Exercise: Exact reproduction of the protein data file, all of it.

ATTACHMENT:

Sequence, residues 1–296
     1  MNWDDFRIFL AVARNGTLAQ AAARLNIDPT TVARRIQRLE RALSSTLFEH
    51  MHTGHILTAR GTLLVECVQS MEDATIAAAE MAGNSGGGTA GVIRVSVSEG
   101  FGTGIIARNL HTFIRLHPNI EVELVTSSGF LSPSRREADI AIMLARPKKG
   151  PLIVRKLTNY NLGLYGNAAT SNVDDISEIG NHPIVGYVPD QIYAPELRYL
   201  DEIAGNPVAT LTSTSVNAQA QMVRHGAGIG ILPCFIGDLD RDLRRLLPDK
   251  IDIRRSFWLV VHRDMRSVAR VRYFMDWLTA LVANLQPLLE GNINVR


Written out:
Sequence, residues 1–296
     1  MNWDDFRIFL AVARNGTLAQ AAARLNIDPT TVARRIQRLE RALSSTLFEH
    51  MHTGHILTAR GTLLVECVQS MEDATIAAAE MAGNSGGGTA GVIRVSVSEG
   101  FGTGIIARNL HTFIRLHPNI EVELVTSSGF LSPSRREADI AIMLARPKKG
   151  PLIVRKLTNY NLGLYGNAAT SNVDDISEIG NHPIVGYVPD QIYAPELRYL
   201  DEIAGNPVAT LTSTSVNAQA QMVRHGAGIG ILPCFIGDLD RDLRRLLPDK
   251  IDIRRSFWLV VHRDMRSVAR VRYFMDWLTA LVANLQPLLE GNINVR